In the 1960s Clifford toured with the New Zealand Opera Company in roles such as Frosch in Die Fledermaus,[1] which he had first played at Covent Garden in the 1930s.[24] He also continued to teach and direct. In 1976, he performed the role of King Gama in Princess Ida for the Dunedin Gilbert and Sullivan Company's 25th anniversary production.[1] He made a TV film of Gianni Schicchi, in the role of Doctor Spinelloccio, in 1979,[25] and retired in 1981.[1]

Clifford died in Auckland, New Zealand, in 1984 at the age of 79.[1]

Recordings and filmsEdit

Clifford appears in Sir Thomas Beecham's studio recording of The Tales of Hoffmann (1951)[26] and his live Covent Garden The Bartered Bride (1939).[27]

Clifford also appeared in a 1938 television production of W. S. Gilbert's Rosencrantz and Guildenstern as King Claudius.[28] In 1952 he appeared in a BBC television production of Pagliacci, in the role of Tonio.[1]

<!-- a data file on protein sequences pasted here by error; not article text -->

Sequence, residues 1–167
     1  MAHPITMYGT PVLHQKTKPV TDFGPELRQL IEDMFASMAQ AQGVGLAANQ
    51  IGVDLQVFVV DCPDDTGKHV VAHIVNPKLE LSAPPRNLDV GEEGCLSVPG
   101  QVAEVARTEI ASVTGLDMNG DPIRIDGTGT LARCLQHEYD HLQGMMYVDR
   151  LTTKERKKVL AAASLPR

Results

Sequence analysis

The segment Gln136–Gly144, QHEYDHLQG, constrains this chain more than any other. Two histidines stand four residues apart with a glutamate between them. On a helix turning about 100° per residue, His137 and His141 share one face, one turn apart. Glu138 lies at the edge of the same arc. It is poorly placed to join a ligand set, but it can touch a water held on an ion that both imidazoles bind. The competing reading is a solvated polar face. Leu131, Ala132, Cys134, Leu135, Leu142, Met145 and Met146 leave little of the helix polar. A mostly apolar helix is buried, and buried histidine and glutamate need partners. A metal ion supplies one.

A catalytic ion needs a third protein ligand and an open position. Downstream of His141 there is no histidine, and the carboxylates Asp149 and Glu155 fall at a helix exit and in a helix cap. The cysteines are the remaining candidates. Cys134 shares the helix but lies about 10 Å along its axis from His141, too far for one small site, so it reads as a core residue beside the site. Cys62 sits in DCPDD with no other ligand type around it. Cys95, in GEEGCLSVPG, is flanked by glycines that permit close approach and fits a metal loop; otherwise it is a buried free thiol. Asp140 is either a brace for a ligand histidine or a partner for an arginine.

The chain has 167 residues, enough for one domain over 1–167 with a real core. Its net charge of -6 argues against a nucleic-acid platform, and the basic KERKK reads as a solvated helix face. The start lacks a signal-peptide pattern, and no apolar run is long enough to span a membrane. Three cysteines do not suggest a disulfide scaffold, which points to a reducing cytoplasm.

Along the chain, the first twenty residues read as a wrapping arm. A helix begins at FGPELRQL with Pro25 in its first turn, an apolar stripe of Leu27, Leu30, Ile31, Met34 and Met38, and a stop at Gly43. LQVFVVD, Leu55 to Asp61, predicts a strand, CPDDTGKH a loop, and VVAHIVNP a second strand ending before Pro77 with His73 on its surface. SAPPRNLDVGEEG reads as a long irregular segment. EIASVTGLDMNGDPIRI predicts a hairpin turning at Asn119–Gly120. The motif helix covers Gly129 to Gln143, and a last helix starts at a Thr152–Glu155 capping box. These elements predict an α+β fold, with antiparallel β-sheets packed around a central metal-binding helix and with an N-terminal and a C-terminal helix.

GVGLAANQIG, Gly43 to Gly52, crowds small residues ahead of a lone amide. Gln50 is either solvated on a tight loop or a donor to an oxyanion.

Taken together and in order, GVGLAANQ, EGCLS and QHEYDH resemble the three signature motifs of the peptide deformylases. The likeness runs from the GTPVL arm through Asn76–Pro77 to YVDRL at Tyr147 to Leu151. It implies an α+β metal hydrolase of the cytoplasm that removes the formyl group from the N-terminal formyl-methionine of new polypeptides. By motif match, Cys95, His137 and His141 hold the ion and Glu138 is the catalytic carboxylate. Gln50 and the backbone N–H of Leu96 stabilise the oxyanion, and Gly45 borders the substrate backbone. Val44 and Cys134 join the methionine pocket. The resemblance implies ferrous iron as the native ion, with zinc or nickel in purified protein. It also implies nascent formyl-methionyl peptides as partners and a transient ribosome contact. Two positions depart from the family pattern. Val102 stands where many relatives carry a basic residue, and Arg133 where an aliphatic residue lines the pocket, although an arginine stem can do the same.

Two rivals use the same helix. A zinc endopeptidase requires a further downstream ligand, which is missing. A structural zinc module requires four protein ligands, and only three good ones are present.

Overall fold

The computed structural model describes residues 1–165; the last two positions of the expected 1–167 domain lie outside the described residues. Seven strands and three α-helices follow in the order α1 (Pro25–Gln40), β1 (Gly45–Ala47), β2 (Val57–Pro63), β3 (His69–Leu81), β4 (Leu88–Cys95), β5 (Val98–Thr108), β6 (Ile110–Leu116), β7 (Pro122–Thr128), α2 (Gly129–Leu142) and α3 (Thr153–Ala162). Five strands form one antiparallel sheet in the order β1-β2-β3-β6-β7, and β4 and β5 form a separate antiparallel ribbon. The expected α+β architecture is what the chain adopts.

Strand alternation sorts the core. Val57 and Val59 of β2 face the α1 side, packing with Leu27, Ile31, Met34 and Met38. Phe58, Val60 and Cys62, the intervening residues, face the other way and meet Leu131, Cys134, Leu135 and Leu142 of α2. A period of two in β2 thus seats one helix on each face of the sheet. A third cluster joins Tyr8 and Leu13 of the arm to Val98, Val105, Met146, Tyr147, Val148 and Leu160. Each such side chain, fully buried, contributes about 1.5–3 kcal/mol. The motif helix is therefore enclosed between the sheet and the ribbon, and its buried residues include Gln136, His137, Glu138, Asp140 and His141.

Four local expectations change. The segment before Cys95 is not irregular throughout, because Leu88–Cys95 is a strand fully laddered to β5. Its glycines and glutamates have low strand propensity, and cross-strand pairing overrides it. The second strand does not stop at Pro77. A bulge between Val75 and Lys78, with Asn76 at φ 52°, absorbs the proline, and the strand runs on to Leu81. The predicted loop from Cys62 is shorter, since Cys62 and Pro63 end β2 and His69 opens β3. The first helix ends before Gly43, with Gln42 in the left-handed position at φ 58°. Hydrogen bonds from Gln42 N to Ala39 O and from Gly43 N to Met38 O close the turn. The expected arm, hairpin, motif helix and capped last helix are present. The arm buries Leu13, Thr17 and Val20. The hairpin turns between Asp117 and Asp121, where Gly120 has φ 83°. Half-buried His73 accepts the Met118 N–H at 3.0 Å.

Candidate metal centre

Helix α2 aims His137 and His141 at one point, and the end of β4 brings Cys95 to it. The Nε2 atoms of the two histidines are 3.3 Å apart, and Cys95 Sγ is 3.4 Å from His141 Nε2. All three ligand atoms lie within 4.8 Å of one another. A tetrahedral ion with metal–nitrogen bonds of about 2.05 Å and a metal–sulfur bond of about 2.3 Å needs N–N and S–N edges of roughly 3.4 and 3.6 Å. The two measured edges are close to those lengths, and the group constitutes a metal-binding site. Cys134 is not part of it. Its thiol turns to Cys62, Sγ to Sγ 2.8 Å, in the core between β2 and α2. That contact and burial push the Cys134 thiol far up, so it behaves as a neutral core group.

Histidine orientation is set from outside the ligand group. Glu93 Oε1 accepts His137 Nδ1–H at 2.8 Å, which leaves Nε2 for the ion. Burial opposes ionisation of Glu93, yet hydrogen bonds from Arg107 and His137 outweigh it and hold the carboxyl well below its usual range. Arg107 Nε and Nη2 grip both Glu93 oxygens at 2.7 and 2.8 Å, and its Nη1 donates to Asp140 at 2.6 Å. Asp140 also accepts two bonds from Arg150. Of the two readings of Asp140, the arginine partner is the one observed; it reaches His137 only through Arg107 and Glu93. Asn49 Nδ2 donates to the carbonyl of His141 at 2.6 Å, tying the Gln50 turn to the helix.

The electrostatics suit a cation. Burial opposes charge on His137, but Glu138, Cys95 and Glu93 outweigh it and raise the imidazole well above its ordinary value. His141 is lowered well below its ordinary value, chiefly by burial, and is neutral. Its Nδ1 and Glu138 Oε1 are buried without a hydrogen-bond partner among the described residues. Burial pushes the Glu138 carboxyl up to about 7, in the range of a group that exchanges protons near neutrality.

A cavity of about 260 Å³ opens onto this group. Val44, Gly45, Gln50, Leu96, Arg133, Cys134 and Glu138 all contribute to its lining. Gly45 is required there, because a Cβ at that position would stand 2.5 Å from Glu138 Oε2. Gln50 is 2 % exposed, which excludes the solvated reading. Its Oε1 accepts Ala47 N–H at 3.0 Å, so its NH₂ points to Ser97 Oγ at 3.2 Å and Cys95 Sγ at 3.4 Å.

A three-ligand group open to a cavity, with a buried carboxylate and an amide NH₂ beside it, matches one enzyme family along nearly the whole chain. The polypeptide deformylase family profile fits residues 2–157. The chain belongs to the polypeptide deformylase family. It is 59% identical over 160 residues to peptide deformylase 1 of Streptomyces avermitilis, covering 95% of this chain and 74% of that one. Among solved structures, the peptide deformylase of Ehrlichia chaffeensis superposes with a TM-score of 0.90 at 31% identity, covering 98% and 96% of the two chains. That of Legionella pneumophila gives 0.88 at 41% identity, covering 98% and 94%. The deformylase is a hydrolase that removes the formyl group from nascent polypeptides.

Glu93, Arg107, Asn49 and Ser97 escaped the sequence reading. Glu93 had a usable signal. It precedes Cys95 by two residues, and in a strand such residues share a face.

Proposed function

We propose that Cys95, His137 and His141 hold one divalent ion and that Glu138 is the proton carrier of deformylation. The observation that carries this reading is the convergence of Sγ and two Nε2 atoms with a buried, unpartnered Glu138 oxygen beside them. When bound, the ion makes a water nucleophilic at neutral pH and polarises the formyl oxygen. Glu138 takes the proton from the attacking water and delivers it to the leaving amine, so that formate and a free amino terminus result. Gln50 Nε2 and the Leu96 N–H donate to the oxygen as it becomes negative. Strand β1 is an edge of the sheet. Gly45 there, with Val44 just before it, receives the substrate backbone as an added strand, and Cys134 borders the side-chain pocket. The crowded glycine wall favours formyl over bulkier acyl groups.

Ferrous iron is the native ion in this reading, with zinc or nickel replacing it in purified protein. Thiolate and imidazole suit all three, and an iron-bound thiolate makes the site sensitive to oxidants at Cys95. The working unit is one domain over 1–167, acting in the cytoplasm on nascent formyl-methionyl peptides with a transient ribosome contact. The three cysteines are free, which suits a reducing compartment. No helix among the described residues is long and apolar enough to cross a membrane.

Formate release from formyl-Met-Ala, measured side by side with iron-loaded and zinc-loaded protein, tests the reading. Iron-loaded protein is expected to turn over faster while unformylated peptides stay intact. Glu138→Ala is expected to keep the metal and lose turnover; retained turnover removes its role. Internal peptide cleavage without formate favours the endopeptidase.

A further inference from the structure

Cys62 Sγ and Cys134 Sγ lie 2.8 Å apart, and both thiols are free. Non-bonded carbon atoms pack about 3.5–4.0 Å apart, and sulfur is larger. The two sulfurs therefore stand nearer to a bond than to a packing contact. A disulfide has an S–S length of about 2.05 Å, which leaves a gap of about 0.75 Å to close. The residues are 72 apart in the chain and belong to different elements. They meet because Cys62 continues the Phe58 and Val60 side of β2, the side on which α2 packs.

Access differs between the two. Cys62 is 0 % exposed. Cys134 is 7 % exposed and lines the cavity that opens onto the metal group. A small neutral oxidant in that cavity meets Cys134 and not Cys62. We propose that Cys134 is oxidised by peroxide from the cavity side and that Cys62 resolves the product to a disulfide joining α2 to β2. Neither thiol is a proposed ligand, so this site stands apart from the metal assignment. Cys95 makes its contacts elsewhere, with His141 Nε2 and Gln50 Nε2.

1. ^ a b c d e f g h i j Stone, David. "Grahame Clifford", Who Was Who in the D'Oyly Carte Company, 17 June 2012
  2. ^ a b c d Burgess, Michael. "Grahame Clifford", Memories of the D'Oyly Carte Opera Company, accessed 17 June 2012
  3. ^ "Sir John in Love", The Times, 16 March 1929, p. 10
  4. ^ "The Oxford Festival", The Times, 10 May 1930, p. 10
  5. ^ Blom, Eric. "London Opera Festival", The Manchester Guardian, 7 January 1930, p. 6
  6. ^ "Hugh The Drover", The Times, 17 June 1933, p. 10
  7. ^ "Music of the Week: Carl Rosa", The Observer, 5 June 1932, p. 14
  8. ^ "Broadcasting", The Times, 4 March 1938, p. 10
  9. ^ "War and the Theatre", The Times, 7 September 1939, p. 7
  10. ^ Rollins and Witts, p. 164
  11. ^ Green, pp. 175–79
  12. ^ "Savoy Theatre", The Times, 19 June 1940, p. 6
  13. ^ "Princes Theatre", The Times, 23 June 1942, p. 2
  14. ^ a b Rollins and Witts, pp. 164–70
  15. ^ "The Palace Theatre: Merrie England", The Manchester Guardian, 29 October 1946, p. 6
  16. ^ "Carmen", Performance database, Royal Opera House, accessed 10 June 2012.